And do not interrupt me in my course.
Why I descend into this bed of death,
Is partly to behold my Ladies face:
But chiefly to take thence from her dead finger,
A precious Ring, a Ring that I must vse,
In deare employment, therefore hence be gone:
But if thou iealous dost returne to prie
In what I further shall intend to do,
By heauen I will teare thee ioynt by ioynt,
And strew this hungry Churchyard with thy limbs:
The time, and my intents are sauage wilde:
More fierce and more inexorable farre,
Them emptie Tygers, or the roaring Sea

Pet. I will be gone sir, and not trouble you
Ro. So shalt thou shew me friendship: take thou that,
Liue and be prosperous, and farewell good fellow

Pet. For all this same, Ile hide me here about,
His lookes I feare, and his intents I doubt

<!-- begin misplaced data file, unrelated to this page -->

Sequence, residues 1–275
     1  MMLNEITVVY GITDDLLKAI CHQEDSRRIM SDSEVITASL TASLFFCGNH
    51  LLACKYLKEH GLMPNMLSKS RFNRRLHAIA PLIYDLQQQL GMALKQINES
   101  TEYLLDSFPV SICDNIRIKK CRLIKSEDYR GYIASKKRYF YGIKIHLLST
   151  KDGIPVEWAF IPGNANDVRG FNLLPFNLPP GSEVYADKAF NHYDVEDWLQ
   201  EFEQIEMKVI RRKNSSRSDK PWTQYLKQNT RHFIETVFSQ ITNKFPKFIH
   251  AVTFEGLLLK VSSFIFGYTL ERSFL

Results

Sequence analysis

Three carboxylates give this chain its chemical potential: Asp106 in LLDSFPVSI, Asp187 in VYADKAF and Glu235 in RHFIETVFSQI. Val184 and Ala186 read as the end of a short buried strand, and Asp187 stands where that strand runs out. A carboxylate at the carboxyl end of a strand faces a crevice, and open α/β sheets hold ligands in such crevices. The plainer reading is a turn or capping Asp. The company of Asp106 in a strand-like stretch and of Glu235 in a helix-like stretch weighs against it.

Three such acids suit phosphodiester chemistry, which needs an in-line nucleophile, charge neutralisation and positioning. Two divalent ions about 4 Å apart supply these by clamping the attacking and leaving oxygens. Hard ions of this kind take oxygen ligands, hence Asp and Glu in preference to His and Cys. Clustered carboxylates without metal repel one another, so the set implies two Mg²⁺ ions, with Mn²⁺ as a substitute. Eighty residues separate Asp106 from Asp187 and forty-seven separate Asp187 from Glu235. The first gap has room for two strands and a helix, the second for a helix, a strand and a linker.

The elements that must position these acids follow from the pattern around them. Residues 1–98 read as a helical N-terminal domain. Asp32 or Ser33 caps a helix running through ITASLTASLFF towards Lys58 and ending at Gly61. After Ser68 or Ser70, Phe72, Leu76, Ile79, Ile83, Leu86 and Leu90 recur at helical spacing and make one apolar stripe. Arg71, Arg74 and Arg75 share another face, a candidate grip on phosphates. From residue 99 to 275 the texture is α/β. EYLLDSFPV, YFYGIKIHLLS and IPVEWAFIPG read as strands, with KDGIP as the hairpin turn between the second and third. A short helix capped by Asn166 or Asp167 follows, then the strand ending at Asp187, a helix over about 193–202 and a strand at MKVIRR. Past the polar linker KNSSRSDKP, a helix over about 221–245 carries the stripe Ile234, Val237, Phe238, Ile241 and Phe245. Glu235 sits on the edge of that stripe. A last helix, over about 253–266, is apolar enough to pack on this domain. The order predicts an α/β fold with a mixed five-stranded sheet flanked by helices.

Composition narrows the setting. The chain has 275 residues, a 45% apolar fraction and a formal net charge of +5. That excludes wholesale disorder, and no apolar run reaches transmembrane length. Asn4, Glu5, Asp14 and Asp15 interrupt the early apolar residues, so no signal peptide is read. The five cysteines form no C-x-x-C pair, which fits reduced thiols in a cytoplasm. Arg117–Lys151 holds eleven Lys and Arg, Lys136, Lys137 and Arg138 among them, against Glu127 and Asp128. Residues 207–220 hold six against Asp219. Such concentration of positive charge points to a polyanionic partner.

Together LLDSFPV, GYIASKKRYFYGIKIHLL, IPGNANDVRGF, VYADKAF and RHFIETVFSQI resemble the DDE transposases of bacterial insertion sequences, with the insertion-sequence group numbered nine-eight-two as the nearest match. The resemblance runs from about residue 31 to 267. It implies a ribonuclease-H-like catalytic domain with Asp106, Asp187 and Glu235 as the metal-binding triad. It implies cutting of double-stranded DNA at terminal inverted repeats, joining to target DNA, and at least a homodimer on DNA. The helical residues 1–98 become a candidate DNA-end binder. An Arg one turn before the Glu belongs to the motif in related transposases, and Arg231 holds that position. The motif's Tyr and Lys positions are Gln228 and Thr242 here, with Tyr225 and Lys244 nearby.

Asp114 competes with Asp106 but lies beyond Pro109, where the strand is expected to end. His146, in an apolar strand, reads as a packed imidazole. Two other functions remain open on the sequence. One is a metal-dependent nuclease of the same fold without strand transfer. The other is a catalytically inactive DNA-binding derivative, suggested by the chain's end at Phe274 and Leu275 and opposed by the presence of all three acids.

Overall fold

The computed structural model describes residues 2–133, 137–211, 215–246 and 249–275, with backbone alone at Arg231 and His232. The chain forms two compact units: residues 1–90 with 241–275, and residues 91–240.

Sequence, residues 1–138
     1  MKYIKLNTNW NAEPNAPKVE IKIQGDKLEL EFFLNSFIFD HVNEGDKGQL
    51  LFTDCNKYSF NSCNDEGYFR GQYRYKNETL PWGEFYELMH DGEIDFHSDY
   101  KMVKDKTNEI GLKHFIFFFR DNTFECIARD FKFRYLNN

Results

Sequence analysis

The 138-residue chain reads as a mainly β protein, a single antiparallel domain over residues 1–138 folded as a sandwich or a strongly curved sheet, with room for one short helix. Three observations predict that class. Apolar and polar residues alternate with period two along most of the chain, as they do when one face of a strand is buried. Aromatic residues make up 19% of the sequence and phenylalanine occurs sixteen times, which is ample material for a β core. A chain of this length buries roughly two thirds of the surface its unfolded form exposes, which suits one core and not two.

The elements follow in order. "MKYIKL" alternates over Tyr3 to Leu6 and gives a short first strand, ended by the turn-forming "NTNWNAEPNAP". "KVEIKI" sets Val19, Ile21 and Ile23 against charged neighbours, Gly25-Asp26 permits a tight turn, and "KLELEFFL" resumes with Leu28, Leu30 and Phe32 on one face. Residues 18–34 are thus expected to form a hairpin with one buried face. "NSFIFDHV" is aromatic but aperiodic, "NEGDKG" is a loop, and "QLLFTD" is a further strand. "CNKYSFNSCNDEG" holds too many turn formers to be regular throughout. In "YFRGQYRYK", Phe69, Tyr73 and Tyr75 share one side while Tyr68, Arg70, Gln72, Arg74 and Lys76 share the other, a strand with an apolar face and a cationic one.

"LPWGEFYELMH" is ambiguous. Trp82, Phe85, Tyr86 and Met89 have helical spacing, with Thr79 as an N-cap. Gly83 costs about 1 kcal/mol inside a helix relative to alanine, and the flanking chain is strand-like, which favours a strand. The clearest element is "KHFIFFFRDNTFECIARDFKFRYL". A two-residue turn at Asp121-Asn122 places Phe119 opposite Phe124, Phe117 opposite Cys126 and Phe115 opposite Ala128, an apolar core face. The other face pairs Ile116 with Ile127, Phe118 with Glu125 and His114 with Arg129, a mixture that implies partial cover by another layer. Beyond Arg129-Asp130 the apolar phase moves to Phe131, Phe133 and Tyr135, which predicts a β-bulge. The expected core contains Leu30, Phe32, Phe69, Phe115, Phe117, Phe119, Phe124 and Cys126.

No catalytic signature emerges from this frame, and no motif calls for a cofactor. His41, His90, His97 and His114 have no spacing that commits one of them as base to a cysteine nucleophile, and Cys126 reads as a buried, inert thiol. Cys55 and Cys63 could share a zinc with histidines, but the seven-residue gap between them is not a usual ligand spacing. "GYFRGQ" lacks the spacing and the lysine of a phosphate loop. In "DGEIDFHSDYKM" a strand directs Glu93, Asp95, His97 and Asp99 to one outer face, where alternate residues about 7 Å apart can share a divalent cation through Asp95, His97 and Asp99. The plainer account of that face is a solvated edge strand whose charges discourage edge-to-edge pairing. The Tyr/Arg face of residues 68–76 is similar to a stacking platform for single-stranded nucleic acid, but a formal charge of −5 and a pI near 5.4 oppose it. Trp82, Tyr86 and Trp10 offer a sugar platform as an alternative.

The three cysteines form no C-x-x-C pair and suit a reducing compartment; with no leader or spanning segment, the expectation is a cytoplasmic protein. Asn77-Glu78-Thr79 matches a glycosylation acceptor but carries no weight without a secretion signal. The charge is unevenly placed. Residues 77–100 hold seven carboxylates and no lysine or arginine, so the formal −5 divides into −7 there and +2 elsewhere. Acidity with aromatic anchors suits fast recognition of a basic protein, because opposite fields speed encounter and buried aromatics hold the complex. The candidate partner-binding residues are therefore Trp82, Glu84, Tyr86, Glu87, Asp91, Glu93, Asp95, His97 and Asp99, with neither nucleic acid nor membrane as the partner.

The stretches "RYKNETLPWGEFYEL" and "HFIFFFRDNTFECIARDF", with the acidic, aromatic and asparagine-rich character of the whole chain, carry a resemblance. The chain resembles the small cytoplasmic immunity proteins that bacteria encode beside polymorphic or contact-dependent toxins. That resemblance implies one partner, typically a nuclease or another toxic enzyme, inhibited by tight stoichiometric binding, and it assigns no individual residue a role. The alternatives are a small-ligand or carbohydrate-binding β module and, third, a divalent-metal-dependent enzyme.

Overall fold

Rom. Thou detestable mawe, thou wombe of death,
Gorg'd with the dearest morsell of the earth:
Thus I enforce thy rotten Iawes to open,
And in despight, Ile cram thee with more food

Par. This is that banisht haughtie Mountague,
That murdred my Loues Cozin; with which griefe,
It is supposed the faire Creature died,
And here is come to do some villanous shame
To the dead bodies: I will apprehend him.
Stop thy vnhallowed toyle, vile Mountague:
Can vengeance be pursued further then death?
Condemned villaine, I do apprehend thee.
Obey and go with me, for thou must die,
Rom. I must indeed, and therfore came I hither:
Good gentle youth, tempt not a desperate man,
Flie hence and leaue me, thinke vpon those gone,
Let them affright thee. I beseech thee Youth,
Put not an other sin vpon my head,
By vrging me to furie. O be gone,
By heauen I loue thee better then my selfe,
For I come hither arm'd against my selfe:
Stay not, be gone, liue, and hereafter say,
A mad mans mercy bid thee run away

Par. I do defie thy commisseration,